# Ticket #7301: trac_7301.patch

File trac_7301.patch, 12.9 KB (added by ncohen, 13 years ago)
• ## sage/combinat/integer_vector.py

# HG changeset patch
# User David Joyner <wdjoyner@gmail.com>
# Date 1262783697 18000
# Node ID ff7588ec0fdf194c4fb3254f5fddb53cdff8dacd
diff -r a5ee50fe0c1e -r ff7588ec0fdf sage/combinat/integer_vector.py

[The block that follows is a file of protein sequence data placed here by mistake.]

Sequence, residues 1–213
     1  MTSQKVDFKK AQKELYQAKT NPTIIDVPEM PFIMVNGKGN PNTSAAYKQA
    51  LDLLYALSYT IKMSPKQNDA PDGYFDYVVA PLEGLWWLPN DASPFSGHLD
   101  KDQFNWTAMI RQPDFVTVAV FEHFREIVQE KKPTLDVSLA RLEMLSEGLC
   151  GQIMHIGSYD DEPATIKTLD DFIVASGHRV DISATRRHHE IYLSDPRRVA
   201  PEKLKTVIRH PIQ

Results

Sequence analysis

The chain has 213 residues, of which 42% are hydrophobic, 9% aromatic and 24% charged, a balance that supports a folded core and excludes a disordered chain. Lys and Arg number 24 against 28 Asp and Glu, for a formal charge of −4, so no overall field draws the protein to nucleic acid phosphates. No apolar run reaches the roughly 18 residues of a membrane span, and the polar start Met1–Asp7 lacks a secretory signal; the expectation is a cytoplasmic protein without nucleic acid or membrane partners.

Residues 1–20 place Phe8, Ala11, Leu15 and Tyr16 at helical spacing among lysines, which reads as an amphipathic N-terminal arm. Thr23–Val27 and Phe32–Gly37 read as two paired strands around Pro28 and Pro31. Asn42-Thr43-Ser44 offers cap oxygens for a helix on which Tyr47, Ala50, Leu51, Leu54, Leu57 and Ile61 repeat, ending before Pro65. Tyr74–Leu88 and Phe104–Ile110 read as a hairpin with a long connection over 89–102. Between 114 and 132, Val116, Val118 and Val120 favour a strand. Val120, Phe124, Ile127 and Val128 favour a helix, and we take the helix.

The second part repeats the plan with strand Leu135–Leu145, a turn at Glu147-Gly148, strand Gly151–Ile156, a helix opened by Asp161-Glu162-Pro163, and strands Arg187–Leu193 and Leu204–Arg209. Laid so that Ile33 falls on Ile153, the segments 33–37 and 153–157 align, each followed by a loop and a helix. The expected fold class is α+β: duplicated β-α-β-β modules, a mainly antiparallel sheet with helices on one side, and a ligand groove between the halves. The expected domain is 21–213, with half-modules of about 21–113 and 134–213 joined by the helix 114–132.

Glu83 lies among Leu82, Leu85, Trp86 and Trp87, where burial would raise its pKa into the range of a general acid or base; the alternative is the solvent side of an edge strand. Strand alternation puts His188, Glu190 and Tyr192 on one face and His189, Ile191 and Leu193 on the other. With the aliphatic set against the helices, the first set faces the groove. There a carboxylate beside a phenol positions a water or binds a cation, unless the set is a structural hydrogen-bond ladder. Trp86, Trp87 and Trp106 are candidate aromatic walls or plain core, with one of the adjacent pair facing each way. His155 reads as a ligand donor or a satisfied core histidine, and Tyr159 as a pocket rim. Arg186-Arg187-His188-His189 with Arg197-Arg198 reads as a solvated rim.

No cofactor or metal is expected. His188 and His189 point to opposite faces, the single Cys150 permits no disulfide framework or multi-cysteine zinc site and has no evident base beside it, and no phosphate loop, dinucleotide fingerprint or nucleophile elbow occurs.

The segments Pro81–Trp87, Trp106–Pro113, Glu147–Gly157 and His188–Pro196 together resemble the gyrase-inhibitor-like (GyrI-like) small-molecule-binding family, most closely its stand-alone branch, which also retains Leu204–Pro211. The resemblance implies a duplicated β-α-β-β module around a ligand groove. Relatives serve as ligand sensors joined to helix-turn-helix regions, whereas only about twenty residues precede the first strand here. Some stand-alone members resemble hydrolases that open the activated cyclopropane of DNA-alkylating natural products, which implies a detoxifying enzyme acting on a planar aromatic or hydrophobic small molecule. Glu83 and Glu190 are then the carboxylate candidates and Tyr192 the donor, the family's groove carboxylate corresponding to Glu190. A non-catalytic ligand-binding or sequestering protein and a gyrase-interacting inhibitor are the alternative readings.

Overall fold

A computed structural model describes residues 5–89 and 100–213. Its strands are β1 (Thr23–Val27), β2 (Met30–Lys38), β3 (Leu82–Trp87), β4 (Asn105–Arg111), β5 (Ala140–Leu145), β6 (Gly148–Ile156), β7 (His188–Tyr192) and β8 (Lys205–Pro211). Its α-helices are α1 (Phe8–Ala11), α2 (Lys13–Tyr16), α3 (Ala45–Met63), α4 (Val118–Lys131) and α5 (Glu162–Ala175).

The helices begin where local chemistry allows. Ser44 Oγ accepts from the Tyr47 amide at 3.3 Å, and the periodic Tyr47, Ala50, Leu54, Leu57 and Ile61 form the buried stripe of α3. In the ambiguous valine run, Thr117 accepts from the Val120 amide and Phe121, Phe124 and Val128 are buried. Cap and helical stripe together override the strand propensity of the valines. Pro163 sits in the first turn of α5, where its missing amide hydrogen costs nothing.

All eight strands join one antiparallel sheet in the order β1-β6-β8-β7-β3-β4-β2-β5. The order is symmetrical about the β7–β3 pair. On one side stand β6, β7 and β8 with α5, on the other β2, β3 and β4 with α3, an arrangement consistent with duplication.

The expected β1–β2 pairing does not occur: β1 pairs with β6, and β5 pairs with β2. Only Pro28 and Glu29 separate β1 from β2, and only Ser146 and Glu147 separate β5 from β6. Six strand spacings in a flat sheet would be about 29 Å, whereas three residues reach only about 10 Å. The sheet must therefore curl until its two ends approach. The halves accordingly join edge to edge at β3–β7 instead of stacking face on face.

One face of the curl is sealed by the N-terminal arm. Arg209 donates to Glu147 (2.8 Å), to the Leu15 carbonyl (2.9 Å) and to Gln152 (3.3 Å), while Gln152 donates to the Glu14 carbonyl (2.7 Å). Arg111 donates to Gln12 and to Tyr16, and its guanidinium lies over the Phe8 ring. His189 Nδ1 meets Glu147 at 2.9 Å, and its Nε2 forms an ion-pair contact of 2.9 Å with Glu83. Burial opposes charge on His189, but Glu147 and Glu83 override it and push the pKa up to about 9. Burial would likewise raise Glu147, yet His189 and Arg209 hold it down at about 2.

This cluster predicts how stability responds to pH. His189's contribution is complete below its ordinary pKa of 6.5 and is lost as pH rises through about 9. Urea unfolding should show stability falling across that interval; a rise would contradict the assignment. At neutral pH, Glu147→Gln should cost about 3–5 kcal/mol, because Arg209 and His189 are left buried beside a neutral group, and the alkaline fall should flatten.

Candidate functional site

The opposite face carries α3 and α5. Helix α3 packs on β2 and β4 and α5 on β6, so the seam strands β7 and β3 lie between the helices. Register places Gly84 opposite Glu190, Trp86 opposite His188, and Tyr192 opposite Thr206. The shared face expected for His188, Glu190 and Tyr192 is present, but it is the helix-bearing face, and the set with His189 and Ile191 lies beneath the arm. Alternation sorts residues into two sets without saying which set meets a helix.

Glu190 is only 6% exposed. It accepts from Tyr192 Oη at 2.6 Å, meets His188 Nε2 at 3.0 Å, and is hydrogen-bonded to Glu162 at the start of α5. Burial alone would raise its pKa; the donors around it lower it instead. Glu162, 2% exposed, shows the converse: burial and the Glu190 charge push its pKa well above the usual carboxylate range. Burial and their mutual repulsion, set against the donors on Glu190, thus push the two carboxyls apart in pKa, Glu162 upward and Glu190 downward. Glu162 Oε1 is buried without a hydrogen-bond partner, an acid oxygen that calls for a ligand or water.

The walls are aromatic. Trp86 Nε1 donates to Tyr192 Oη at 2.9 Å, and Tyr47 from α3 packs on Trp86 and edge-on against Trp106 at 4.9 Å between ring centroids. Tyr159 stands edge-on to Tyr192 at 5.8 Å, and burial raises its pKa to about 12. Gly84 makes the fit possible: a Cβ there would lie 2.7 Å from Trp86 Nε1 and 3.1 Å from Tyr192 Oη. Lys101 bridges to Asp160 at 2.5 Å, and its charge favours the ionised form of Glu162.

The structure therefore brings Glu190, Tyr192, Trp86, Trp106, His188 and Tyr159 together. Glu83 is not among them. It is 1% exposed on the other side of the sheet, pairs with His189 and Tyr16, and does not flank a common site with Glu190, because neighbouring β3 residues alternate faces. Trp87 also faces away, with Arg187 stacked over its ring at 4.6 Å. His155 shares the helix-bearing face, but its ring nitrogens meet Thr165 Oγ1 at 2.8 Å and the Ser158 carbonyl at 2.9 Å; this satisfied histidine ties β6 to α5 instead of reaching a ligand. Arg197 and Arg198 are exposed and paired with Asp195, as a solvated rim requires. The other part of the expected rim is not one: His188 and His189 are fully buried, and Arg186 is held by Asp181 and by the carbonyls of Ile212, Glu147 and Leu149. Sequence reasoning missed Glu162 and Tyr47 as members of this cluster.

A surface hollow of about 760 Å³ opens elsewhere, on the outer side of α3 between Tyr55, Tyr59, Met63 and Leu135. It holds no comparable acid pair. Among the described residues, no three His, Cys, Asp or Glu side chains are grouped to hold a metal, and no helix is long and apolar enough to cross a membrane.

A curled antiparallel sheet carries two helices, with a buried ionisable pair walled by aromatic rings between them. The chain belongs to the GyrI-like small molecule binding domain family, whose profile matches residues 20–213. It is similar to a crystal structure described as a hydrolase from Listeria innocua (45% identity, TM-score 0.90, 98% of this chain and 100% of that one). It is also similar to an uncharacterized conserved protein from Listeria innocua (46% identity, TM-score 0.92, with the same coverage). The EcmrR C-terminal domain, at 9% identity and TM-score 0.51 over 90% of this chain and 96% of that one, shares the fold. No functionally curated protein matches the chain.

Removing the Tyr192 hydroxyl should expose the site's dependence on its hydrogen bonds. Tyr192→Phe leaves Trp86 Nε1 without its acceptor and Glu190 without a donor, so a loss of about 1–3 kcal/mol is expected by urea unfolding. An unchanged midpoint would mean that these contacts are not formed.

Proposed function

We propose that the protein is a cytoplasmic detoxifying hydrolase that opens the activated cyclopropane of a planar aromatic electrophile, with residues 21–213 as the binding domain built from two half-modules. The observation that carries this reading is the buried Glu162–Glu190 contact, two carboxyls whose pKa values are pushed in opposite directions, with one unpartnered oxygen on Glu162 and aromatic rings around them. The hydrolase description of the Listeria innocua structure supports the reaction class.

a """ Integer vectors AUTHORS: *   Mike Hanson (2007) - original module *   Nathann Cohen, David Joyner (2009-2010) - Gale-Ryser stuff """ #***************************************************************************** #       Copyright (C) 2007 Mike Hansen , import functools def is_gale_ryser(r,s): r""" Tests whether the given sequences satisfy the condition of the Gale-Ryser theorem. Given a binary matrix B of dimension n\times m, the vector of row sums is defined as the vector whose i^{\mbox{th}} component is equal to the sum of the i^{\mbox{th}} row in A. The vector of column sums is defined similarly. If, given a binary matrix, these two vectors are easy to compute, the Gale-Ryser theorem lets us decide whether, given two non-negative vectors r,s, there exists a binary matrix whose row/colum sums vectors are r and s. This functions answers accordingly. INPUT: - r, s -- lists of non-negative integers. ALGORITHM: Without loss of generality, we can assume that : - The two given sequences do not contain any 0 ( which would correspond to an empty column/row ) - The two given sequences are ordered in decreasing order (reordering the sequence of row (resp. column) sums amounts to reordering the rows (resp. columns) themselves in the matrix, which does not alter the columns (resp. rows) sums. We can then assume that r and s are partitions (see the corresponding class Partition) If r^* denote the conjugate of r, the Gale-Ryser theorem asserts that a binary Matrix satisfying the constraints exists if and only if s\preceq r^*, where \preceq denotes the domination order on partitions. EXAMPLES:: sage: from sage.combinat.integer_vector import is_gale_ryser sage: is_gale_ryser([4,2,2],[3,3,1,1]) True sage: is_gale_ryser([4,2,1,1],[3,3,1,1]) True sage: is_gale_ryser([3,2,1,1],[3,3,1,1]) False REMARK: In the literature, what we are calling a Gale-Ryser sequence sometimes goes by the (rather generic-sounding) term ''realizable sequence''. """ # The sequences only contan non-negative integers if [x for x in r if x<0] or [x for x in s if x<0]: return False # builds the corresponding partitions, i.e. # removes the 0 and sorts the sequences from sage.combinat.partition import Partition r2 = Partition(sorted([x for x in r if x>0], reverse=True)) s2 = Partition(sorted([x for x in s if x>0], reverse=True)) rstar = Partition(r2).conjugate() #                                same number of 1s           domination return len(rstar) <= len(s2) and  sum(r2) == sum(s2) and rstar.dominates(s) def _slider01(A, t, k): r""" Assumes A is a (0,1)-matrix. For each of the t rows with highest row sums, this function returns a matrix B which is the same as A except that it has slid exactly one 1 in A over to the k-th column. This is a 'private' function for use in gale_ryser_theorem. INPUT: - A -- an m\times n (0,1) matrix - t, k -- integers satisfying 0 < t < m, 0 < k < n OUTPUT: An m\times n (0,1) matrix, which is the same as A except that it has exactly one 1 in A slid over to the k-th column. EXAMPLES:: sage: from sage.combinat.integer_vector import _slider01 sage: A = matrix([[1,1,1,0],[1,1,1,0],[1,0,0,0],[1,0,0,0]]) sage: A [1 1 1 0] [1 1 1 0] [1 0 0 0] [1 0 0 0] sage: _slider01(A, 1, 3) [1 1 1 0] [1 1 0 1] [1 0 0 0] [1 0 0 0] sage: _slider01(A, 3, 3) [1 1 1 0] [1 1 1 0] [1 0 0 0] [0 0 0 1] """ from sage.matrix.constructor import matrix maxrows = [] m = len(A.rows()) n = len(A.columns()) B = matrix(m,n) rowsums = [sum(A.row(i)) for i in range(m)] maxrows = [rowsums[i] for i in range(t)] # t rows with max rowsums maxRows = [] # want these to correspond to elts of maxrows B = [list(A.row(i)) for i in range(m)] for i in range(m): if sum(A.row(i)) in maxrows: maxRows.append(i)  # >= t rows numbers with max rowsums for j in range(len(maxrows)): i = maxRows[-1] rw = A.row(i) # to make mutable # now we want to move the rightmost left 1 to the k-th column rwlist = list(rw) if not(0 in rwlist): N = n-1 else: N = rwlist.index(0) rwlist[int(N)-1] = 0 rwlist[k] = 1 B[i] = rwlist return matrix(B) def gale_ryser_theorem(p1, p2, algorithm="ryser"): r""" Returns the binary matrix given by the Gale-Ryser theorem. The Gale Ryser theorem asserts that if p_1,p_2 are two partitions of n of respective lengths k_1,k_2, then there is a binary k_1\times k_2 matrix M such that p_1 is the vector of row sums and p_2 is the vector of column sums of M, if and only if p_2 dominates p_1. INPUT: - p1 -- the first partition of n (trailing 0's allowed) - p2 -- the second partition of n (trailing 0's allowed) - algorithm -- two possible string values : - "ryser" (default) implements the construction due to Ryser [Ryser63]_. - "gale" implements the construction due to Gale [Gale57]_. OUTPUT: - A binary matrix if it exists, None otherwise. Gale's Algorithm: (Gale [Gale57]_): A matrix satisfying the constraints of its sums can be defined as the solution of the following Linear Program, which Sage knows how to solve (requires packages GLPK or CBC). .. MATH:: \forall i&\sum_{j=1}^{k_2} b_{i,j}=p_{1,j}\\ \forall i&\sum_{j=1}^{k_1} b_{j,i}=p_{2,j}\\ &b_{i,j}\mbox{ is a binary variable} Ryser's Algorithm: (Ryser [Ryser63]_): The construction of an m\times n matrix A=A_{r,s}, due to Ryser, is described as follows. The construction works if and only if have s\preceq r^*. * Construct the m\times n matrix B from r by defining the i-th row of B to be the vector whose first r_i entries are 1, and the remainder are 0's, 1\leq i\leq m. This maximal matrix B with row sum r and ones left justified has column sum r^{*}. * Shift the last 1 in certain rows of B to column n in order to achieve the sum s_n. Call this B again. * The 1's in column n are to appear in those rows in which A has the largest row sums, giving preference to the bottom-most positions in case of ties. * Note: When this step automatically "fixes" other columns, one must skip ahead to the first column index with a wrong sum in the step below. * Proceed inductively to construct columns n-1, ..., 2, 1. * Set A = B. Return A. EXAMPLES: Computing the matrix for p_1=p_2=2+2+1 :: sage: from sage.combinat.integer_vector import gale_ryser_theorem sage: p1 = [2,2,1] sage: p2 = [2,2,1] sage: print gale_ryser_theorem(p1, p2, algorithm="gale") # Optional - requires GLPK or CBC [0 1 1] [1 1 0] [1 0 0] Or for a non-square matrix with p_1=3+3+2+1 and p_2=3+2+2+1+1 :: sage: from sage.combinat.integer_vector import gale_ryser_theorem sage: p1 = [3,3,1,1] sage: p2 = [3,3,1,1] sage: gale_ryser_theorem(p1, p2) [1 1 1 0] [1 1 0 1] [1 0 0 0] [0 1 0 0] sage: p1 = [4,2,2] sage: p2 = [3,3,1,1] sage: gale_ryser_theorem(p1, p2) [1 1 1 1] [1 1 0 0] [1 1 0 0] sage: p1 = [4,2,2,0] sage: p2 = [3,3,1,1,0,0] sage: gale_ryser_theorem(p1, p2) [1 1 1 1 0 0] [1 1 0 0 0 0] [1 1 0 0 0 0] [0 0 0 0 0 0] sage: p1 = [3,3,2,1] sage: p2 = [3,2,2,1,1] sage: print gale_ryser_theorem(p1, p2, algorithm="gale") # Optional - requires GLPK or CBC [1 0 1 1 0] [1 0 1 0 1] [1 1 0 0 0] [0 1 0 0 0] With 0 in the sequences, and with unordered inputs :: sage: from sage.combinat.integer_vector import gale_ryser_theorem sage: gale_ryser_theorem([3,3,0,1,1,0], [3,1,3,1,0]) [1 1 1 0 0] [1 0 1 1 0] [0 0 0 0 0] [1 0 0 0 0] [0 0 1 0 0] [0 0 0 0 0] REFERENCES: ..  [Ryser63] H. J. Ryser, Combinatorial Mathematics, Carus Monographs, MAA, 1963. ..  [Gale57] D. Gale, A theorem on flows in networks, Pacific J. Math. 7(1957)1073-1082. """ from sage.combinat.partition import Partition from sage.matrix.constructor import matrix if not(is_gale_ryser(p1,p2)): return False if algorithm=="ryser": # ryser's algorithm from sage.combinat.permutation import Permutation # Sorts the sequences if they are not, and remembers the permutation # applied tmp = sorted(enumerate(p1), reverse=True, key=lambda x:x[1]) r = [x[1] for x in tmp if x[1]>0] r_permutation = [x-1 for x in Permutation([x[0]+1 for x in tmp]).inverse()] m = len(r) tmp = sorted(enumerate(p2), reverse=True, key=lambda x:x[1]) s = [x[1] for x in tmp if x[1]>0] s_permutation = [x-1 for x in Permutation([x[0]+1 for x in tmp]).inverse()] n = len(s) rowsA0 = [[0]*n]*m for j in range(m): if js[n-k]: break A0 = _slider01(A0,s[n-k],n-k) # If we need to add empty rows/columns if len(p1)!=m: A0 = A0.stack(matrix([[0]*n]*(len(p1)-m))) if len(p2)!=n: A0 = A0.transpose().stack(matrix([[0]*len(p1)]*(len(p2)-n))).transpose() # Applying the permutations to get a matrix satisfying the # order given by the input A0 = A0.matrix_from_rows_and_columns(r_permutation, s_permutation) return A0 elif algorithm == "gale": from sage.numerical.mip import MixedIntegerLinearProgram k1, k2=len(p1), len(p2) p = MixedIntegerLinearProgram() b = p.new_variable(dim=2) for (i,c) in enumerate(p1): p.add_constraint(sum([b[i][j] for j in xrange(k2)]),min=c,max=c) for (i,c) in enumerate(p2): p.add_constraint(sum([b[j][i] for j in xrange(k1)]),min=c,max=c) p.set_objective(None) p.set_binary(b) p.solve() b = p.get_values(b) M = [[0]*k2 for i in xrange(k1)] for i in xrange(k1): for j in xrange(k2): M[i][j] = int(b[i][j]) return matrix(M) else: raise ValueError("The only two algorithms available are \"gale\" and \"ryser\"") def _default_function(l, default, i): """ EXAMPLES:: """ return infinity class IntegerVectors_nk(CombinatorialClass): def __init__(self, n, k): """